Japanese I-17-24

With lessons 1-24 of the Pimsleur Japanese I course we should be able to understand most of the following clips from ‘Shigatsu wa kimi no uso” (Your lie in April).

onegaishimasu, kudasai, and choudai

This is a summary to the information in this post at stackexchange.

All ‘o-negai shi-masu’, ‘kudasai’ and ‘chousai’ mean ‘please’, but they are used in different ways:

onegaishimasu

The literal meaning is

  • o-: honorific
  • negai: request
  • shi-masu: formal version of ‘suru’, i.e., ‘to do’

Hence, ‘o-negai shi-masu’ is a humble request for someone to do us a favor [Alenanno].

kudasai

It has two meanings (jisho.org):


‘please, give me’
give me 10 dollars, please (to the spouse)
give me water, please (to the waiter)


juu doru kudasai
mizu wo kudasai




‘please, do for me’ (after -te form)
turn to the right, please (to the taxi driver)
listen and repeat, please (to a student)


migi he itte kudasai
kiite, kurikaeshite kudasai


Hence, ‘kudasai’ is a request to an equal or someone of lower status to do something.

choudai

This is a female-only version of ‘kudasai’.

Here is a scene from Ep. 3 of “Your lie in April”, in which Kawori is begging Kousei for his help. She uses ‘o-negai shi-masu’, which is a more serious request than ‘kudasai’.


Therefore…
Do me the favor.
Be my accompanist, please.


da kara…
o-negai shi-masu.
watashi no banzou wo shite kudasai.



ohayou, matte, kore Ep.3



‘morning, Tsubaki.
‘morning.
wait right there!



 

formal
tsubaki. o-hayou gozaimasu.
o-hayou gozaimasu.
kore ni chotto matte kudasai.

つばき。お早う ございます。
お早う ございます。
これに ちょっと まって ください。

つばき。お早うございます。
お早うございます。
これに一寸まって下さい。


casual
tsubaki. o-hayou
o-hayou
matte kore!

つばき おはよう。
おはよう。
まって これ!

つばきお早う。
お早う。
まってこれ!


  • In this context, the formal text is out of place

-tachi, mo Ep.7



Eng: We are not Chopin either.

lit: Us? We aren’t Chopin either.



 

formal
watashi-tachi mo shopan ja arimasen.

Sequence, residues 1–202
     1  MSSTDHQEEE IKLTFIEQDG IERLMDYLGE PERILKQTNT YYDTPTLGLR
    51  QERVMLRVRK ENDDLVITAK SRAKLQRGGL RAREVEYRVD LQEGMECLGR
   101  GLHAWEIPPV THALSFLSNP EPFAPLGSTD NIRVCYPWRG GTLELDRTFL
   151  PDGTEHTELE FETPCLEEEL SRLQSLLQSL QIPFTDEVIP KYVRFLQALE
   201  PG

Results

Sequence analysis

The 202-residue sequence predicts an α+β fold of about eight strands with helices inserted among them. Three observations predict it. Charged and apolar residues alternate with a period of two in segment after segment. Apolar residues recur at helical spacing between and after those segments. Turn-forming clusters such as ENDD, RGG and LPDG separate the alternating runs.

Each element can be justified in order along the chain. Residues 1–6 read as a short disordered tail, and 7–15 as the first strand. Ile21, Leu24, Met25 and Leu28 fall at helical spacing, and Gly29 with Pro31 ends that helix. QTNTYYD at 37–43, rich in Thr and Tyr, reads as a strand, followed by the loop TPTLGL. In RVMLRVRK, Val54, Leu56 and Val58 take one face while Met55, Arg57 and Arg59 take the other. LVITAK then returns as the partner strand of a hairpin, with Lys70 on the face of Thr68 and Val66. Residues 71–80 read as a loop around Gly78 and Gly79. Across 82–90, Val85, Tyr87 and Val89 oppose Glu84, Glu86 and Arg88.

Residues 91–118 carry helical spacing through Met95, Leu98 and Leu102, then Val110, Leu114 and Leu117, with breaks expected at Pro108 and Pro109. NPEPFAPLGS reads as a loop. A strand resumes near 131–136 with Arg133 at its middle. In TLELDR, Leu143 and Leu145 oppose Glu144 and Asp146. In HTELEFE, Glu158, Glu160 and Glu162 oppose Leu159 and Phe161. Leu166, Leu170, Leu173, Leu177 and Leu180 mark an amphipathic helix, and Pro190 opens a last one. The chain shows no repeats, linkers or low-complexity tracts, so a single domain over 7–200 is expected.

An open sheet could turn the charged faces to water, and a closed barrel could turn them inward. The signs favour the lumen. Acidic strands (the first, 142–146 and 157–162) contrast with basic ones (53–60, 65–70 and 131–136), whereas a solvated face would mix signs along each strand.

わたしたちも ショパン じゃありません。
私たちもショパンじゃありません。


casual
watashi-tachi wa shopan ja nai mo.
わたしたちは ショパン じゃないも。
私たちはショパンじゃないも。


  • ‘mo’ means ‘as well’, i.e., ‘also’ in a positive context, and ‘neither’ in a negative one.

hajime-mashite Ep.9



Eng: Glad to meet you.
      I’m Yuriko Ochiai.
      What’s your name?

Lit: we are meeting for the first time.
      I’m Yuriko Ochiai.
      Your name?



 

formal
hajime-mashite. ochiai yuriko desu. anata no namae wa?
はじめまして。うちだ ゆりこ です。あなたの なまえは?
はじめまして。うちだゆりこです。あなたの名前は?


casual
hajime-mashite. ochiai da. kimi no na wa?
はじめまして。うちだだ。きみの なは?
はじめまして。うちだな。君の名は?


  • ‘namae’ is ‘name’, but it’s casually shortened to ‘na’. For example, the original title of the movie ‘Your name’ is ‘kimi no na wa’ (君の名は).
  • Unlike most western countries, in Japan (and many other asian countries) the family name (the surname) comes before the first name.

otoko-no-ko, na-adjective Ep.18


 

formal
zankoku-na otoko-no-ko desu
ざんこくな おとこのこ です。
ざんこくな男の子です。


casual
zankoku-na otoko-no-ko
ざんこくな おとこのこ。
ざんこくな男の子。


  • ‘zankoku-na’ (i.e., cruel) is a na-adjective. We append ‘-na’ to the adjective when we apply it to a noun, e.g., ‘zankoku-na otoko-no-ko’, but not when the adjective is alone, e.g., ‘zankoku desu’

na-adjective Ep.19



Eng: I’m a despicable woman!

lit: Me? I’m a despicable woman!



 

formal
watashi wa iya-na onna desu ne.
わたしは いやな おんな ですね。
私はいやな女ですね。


casual
watashi wa iya-na onna da na.
わたしは いやな おんな だな。
私はいやな女だな。


  • ‘iya’ means ‘disagreeable’, ‘despicable’, ‘detestable’, etc.
  • ‘iya-na’ is a na-adjective. We append ‘-na’ to the adjective when we apply it to a noun, e.g., ‘iya-na onna’, but not when the adjective is alone, e.g., ‘iya desu’.

hitori Ep.22


 

formal
watashi wa hitori dewa arimasen.
わたしは ひとり では ありません。
私は一人ではありません。


casual
boku wa hitori ja nai.
ぼくは ひとり じゃない。
僕は一人じゃない。


  • ‘hitori’ means ‘one person’, but it also means ‘alone’ or ‘by him/her-self’.
  • Although we wrote down a formal version of the sentence, it does not make much sense in this context, because Kosei is talking to himself, and nobody (or at least ‘most people’) do not talk to themselves formally. It would be correct if Kosei were talking to someone else, though.